As a psychiatrist and an American who abhors senseless violations of individuals’ liberty, I implore you NOT to support the Murphy bill or any other legislation that encourages the use of involuntary outpatient commitment for psychiatric treatment. For 9 years, I trained and worked in Wisconsin where involuntary outpatient commitment has been used to force people into treatment for over 30 years, and I can tell you first hand, it does far more harm than good to individuals, it is very expensive, and it does not address the public health and safety issues that people hope it will.
First, let’s be clear about the verbiage that is being put forth to describe involuntary outpatient commitment. The term “Assisted Outpatient Treatment” sounds very humane and appealing, but AOT is neither assisted nor is it treatment. It’s a court order to force people to undergo medical intervention, and primarily that means that they are forcibly medicated. It means that people will be subjected to drugs and procedures that they object to.
Proponents of the Murphy bill will point out that virtually all the states have outpatient commitment laws. However, very few states actually implement them. There are many reasons for this. These laws are impractical, cumbersome for the judicial system and law enforcement, and they entail additional fiscal resources for court process, court-ordered evaluation, and expert testimony. Enforcement of such laws poses difficult practical dilemmas of such magnitude that most states choose to ignore them. For example, if an individual does not come to the clinic for his injection of medications, will police seek him out, apprehend him, and restrain him while he is brought to the clinic and forcibly injected with medications (as is usually specified in outpatient commitment laws)? Do our law enforcement agencies have the resources to assume additional responsibilities with respect to mental health treatment, or feel that it is an appropriate role for them to be, essentially, an arm of the mental health system? In most states, the answer has been a resounding “No.”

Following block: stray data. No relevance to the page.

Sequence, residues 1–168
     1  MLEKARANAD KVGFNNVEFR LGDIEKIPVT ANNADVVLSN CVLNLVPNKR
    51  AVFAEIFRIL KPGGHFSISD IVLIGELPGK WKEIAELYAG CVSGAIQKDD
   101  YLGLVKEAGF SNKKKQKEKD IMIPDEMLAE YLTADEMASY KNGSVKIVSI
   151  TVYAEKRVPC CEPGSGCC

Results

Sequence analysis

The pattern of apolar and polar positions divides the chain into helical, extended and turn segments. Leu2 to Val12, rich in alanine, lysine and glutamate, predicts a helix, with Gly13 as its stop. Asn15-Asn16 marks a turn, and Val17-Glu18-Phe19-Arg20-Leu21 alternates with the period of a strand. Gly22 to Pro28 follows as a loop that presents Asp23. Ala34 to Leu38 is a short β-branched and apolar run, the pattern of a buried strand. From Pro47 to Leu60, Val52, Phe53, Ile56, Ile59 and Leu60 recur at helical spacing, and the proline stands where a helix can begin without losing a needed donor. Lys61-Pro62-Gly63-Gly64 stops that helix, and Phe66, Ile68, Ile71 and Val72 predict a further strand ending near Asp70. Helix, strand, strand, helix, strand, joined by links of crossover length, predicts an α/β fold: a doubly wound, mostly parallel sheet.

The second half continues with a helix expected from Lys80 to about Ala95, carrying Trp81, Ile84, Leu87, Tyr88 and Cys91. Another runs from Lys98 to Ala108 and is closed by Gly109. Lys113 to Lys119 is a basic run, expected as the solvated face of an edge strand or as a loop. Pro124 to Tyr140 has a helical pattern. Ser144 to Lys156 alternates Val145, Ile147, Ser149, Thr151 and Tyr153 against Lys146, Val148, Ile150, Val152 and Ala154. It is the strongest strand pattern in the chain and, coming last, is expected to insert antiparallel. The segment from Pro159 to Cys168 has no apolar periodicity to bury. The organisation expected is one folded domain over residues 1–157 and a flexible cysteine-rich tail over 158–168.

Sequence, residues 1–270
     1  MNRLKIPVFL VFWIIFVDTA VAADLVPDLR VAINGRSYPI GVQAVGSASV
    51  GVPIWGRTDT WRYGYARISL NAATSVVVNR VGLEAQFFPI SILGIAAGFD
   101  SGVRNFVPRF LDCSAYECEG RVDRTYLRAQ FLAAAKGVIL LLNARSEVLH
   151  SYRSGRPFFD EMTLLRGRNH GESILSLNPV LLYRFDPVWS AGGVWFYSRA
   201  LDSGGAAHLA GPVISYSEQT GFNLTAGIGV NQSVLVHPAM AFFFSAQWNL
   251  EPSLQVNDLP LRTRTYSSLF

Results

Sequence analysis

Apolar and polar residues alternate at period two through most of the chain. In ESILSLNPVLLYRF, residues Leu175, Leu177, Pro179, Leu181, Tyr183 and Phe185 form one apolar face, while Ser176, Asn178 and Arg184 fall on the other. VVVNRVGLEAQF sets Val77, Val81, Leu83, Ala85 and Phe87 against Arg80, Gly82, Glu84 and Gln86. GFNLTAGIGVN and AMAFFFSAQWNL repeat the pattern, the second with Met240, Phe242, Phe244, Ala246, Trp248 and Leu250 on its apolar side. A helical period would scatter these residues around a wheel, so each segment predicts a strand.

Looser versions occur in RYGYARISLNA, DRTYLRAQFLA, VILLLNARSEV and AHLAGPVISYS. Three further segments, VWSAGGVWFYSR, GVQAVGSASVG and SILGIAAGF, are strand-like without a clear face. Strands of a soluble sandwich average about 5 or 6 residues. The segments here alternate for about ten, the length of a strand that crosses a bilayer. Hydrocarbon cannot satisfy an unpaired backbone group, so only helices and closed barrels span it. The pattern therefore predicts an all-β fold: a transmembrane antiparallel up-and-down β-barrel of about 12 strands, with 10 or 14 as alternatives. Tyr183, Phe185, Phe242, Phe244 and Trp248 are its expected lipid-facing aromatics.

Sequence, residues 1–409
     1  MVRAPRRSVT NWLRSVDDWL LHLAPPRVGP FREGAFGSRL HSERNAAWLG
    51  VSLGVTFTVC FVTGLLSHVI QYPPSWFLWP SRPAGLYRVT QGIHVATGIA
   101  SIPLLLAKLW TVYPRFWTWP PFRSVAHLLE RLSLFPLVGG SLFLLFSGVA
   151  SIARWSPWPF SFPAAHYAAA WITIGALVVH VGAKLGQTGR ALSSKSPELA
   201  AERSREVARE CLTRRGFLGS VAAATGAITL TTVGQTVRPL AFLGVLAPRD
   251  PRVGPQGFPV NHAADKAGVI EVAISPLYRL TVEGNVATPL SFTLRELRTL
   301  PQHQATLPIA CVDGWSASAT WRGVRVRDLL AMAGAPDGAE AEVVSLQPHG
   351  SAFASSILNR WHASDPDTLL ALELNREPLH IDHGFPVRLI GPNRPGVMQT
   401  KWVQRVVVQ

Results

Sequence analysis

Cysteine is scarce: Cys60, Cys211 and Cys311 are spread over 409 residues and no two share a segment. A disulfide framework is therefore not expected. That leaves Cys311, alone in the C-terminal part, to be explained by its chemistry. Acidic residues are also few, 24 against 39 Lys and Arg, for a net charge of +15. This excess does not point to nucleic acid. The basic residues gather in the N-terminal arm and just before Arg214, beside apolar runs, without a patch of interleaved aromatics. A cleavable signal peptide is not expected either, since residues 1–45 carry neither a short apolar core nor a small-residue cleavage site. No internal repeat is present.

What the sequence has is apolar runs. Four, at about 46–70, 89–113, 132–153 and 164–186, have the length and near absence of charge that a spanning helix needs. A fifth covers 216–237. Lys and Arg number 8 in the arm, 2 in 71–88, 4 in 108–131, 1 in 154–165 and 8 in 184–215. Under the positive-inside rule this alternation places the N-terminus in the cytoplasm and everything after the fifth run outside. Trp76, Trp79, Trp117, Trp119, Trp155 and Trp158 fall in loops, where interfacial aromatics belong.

Proponents of outpatient commitment usually assert its efficacy, but it should be kept in mind that the actual research in this area has shown very mixed results. Most studies do show that you can decrease the use of inpatient services and homelessness using outpatient commitment. But one has to ask – how does it do that? Is it because individuals are effectively treated, less symptomatic, healthier, and recovering? Consumers have been saying for years that this is not the case – that it is because they are overly sedated by medications, incapacitated, and therefore no longer perceived to be “a problem” to others. There are certainly research findings that support their observations. Outpatient commitment has not been shown in any studies to improve social functioning or to increase individuals’ ability to return to work, and some studies suggest that individuals who receive involuntary outpatient commitment are not even less symptomatic than others receiving voluntary services, even if their voluntary participation in treatment is sporadic.